From MarlowReview.com

Chisholm Trail Heritage Center: ‘Making History with the Arts’ slated

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Mar 6, 2014 - 9:03:15 AM

Mikayla Riddles as Te AtaIn 2013, there were 6,875 students, along with their teachers and parents, who participated in the “Making History with the Arts” program at the Chisholm Trail Heritage Center.
Leah Mulkey, the museum’s education coordinator, indicated recently that this was an increase of 1,250 students over 2012’s attendance, which numbered 5,625. In preparing for the 2014 sessions, which will be launched with a focus on Native-American history and arts, the CTHC staff has spent weeks researching, collecting authentic materials for classroom instruction, and even transforming themselves into historical figures.
One of the museum’s historical interpreters, Beverly Scott, has assembled a costume with all the “authentic” elements, including an “eagle talon,” a peace pipe fashioned from a mechanic’s tire iron, jewelry, clay pots and rugs.
During the Christmas on the Trail session that brought the 2013 program to a close, she portrayed Molly Bugbee, a cattle drover’s wife, learning how to cope with life on the Chisholm Trail in the 1880s. Molly’s character was energetic, excitable and engaging; and Scott had the children laughing. She believes that children should have fun while learning.
For this year’s Native-American education session, she completely transforms herself into the sixth wife of Quanah Parker, “Toe-Pay.” Her tale is not nearly as happy as that of Molly Bugbee; for many Native-Americans, life was hard and tragic. Toe-Pay had six children with Quanah, but two died as infants.
According to the book, The Last Comanche Chief: The Life and Times of Quanah Parker, by Bill Neeley,  both Toe-Pay and the Comanche chief’s seventh wife, Tonarchy, were at his side when he died in 1911. As “Toe-Pay,” Scott hopes to teach students what it was like to be the wife of a great Comanche chief.
In addition to the historical interpretive role played by Scott, instructor Mikayla Riddles performs as Te Ata, a Chickasaw actress and storyteller, who lived to be almost 100 years old. Riddles also has studied Te Ata through films and research to bring her character to life for the students. She uses sign language in her sessions.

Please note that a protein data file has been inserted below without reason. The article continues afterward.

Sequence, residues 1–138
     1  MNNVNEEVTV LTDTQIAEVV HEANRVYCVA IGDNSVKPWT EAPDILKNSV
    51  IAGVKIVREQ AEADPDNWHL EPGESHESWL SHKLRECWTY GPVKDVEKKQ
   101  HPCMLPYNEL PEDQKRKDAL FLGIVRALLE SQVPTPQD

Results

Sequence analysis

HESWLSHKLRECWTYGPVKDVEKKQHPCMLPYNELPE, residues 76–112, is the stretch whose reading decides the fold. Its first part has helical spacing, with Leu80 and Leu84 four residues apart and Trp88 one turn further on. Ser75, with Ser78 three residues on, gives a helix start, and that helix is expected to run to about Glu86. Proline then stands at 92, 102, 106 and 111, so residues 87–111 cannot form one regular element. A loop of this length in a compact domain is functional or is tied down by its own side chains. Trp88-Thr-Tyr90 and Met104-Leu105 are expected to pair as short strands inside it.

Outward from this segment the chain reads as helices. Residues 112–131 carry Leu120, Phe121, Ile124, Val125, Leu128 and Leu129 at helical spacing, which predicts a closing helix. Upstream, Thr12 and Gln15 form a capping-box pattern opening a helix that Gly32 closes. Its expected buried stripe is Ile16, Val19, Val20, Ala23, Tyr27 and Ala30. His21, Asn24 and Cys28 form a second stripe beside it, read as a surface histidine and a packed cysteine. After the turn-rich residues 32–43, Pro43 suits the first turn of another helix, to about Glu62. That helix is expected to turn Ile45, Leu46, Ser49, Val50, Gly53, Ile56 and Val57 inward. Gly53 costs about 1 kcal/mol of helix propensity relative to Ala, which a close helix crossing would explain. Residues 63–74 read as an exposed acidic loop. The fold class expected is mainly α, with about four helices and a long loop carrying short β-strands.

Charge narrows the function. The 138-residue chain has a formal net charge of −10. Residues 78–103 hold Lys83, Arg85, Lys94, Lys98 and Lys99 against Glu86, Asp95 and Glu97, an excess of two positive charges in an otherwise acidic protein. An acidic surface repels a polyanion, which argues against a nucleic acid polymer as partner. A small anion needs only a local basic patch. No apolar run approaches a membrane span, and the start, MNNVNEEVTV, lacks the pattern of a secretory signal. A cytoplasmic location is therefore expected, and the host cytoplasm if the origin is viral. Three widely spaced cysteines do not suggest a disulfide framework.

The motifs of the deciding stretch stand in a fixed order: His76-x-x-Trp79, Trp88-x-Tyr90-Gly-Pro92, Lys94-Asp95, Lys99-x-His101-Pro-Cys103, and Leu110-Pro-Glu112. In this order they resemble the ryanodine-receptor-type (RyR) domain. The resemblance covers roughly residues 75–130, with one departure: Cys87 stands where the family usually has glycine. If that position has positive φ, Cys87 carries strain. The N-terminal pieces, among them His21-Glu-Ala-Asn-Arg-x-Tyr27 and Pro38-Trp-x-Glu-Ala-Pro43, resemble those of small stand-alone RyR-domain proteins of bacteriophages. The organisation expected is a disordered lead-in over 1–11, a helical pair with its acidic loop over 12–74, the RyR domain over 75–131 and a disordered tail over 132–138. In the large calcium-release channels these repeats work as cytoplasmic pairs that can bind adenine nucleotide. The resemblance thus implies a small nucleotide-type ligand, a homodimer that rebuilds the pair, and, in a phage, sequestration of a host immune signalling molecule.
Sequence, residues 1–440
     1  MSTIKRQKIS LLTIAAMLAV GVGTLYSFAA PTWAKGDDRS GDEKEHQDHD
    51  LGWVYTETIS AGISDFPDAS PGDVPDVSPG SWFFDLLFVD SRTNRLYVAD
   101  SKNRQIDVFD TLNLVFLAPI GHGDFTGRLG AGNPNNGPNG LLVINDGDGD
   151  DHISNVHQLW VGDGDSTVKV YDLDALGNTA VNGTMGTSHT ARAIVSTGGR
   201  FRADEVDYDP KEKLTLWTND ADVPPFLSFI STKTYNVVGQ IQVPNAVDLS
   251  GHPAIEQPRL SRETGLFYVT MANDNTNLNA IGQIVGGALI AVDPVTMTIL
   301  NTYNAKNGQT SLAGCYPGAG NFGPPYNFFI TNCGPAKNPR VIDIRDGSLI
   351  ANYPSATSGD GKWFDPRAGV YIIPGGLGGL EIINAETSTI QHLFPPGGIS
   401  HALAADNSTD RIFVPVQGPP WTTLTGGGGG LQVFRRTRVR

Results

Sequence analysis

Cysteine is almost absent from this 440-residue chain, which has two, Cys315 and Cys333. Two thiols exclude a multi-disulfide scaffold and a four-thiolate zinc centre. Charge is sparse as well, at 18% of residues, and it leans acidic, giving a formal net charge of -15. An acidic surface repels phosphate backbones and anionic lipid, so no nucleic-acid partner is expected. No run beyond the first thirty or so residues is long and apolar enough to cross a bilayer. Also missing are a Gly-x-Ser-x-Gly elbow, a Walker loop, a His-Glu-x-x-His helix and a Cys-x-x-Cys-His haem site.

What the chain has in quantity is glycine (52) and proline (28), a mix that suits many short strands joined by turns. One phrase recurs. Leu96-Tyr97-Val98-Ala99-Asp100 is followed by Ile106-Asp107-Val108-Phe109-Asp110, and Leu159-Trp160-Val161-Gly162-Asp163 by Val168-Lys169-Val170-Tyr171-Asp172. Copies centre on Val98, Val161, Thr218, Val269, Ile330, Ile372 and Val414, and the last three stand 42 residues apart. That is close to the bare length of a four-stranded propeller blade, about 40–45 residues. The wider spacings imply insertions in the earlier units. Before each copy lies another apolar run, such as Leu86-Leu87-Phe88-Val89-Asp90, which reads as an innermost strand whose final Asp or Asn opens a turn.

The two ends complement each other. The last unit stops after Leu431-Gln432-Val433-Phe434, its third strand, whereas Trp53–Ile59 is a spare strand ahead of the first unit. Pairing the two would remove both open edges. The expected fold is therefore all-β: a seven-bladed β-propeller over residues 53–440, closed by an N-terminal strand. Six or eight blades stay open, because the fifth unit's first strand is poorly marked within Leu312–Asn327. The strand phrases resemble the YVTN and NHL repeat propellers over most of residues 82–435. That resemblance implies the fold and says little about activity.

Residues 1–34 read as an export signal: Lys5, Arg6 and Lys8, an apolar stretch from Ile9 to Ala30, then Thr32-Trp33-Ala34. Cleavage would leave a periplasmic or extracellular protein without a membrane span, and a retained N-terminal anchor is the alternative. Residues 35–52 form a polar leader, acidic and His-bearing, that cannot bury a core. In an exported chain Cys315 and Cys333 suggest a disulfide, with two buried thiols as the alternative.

Andy Couch, the center’s associate curator and programs coordinator, will teach students about Native-the American symbols and the history of parfleche, which is a Native-American rawhide bag typically decorated in bright colors and used for holding dried meats and pemmican.
This is the first year for the parfleche lesson.
“This was a collaborative effort between myself and Leah Mulkey,” Couch indicated. “Students will get to create their own parflech to take home with them.”
Tim Poteet, historical interpreter at the Great Plains Museum in Lawton, has loaned an authentic parfleche  to the heritage center for use in its instructional program.
Students will be allowed to touch the parfleche, because at the museum, the interactive experience is all part of the adventure, Mulkey said. Many museums have a hands-off approach to such items, but the staff at the heritage center aims to make the learning experience as approachable as possible.
Even in the Garis Gallery of the American West, which contains works by such famous artists as Frederic Remington and Charles Russell, students are engaged in learning about history and art.
A certain activity puts art into the visiting students’ hands through the use of photographic reprints that show a small portion of the full-size gallery artwork. Students have an opportunity to search for the original.
They also have a lesson that accompanies this activity. An education session usually lasts about four hours with a lunch break.  The facility is the only nonprofit in the state of Oklahoma to have received the Great Expectations Model  School status, an honor it has received every year since 2006. Title I schools attend at no charge.
Mulkey has already started booking field trip sessions for area educators and homeschool groups. To learn more, please call (580) 252-6692.

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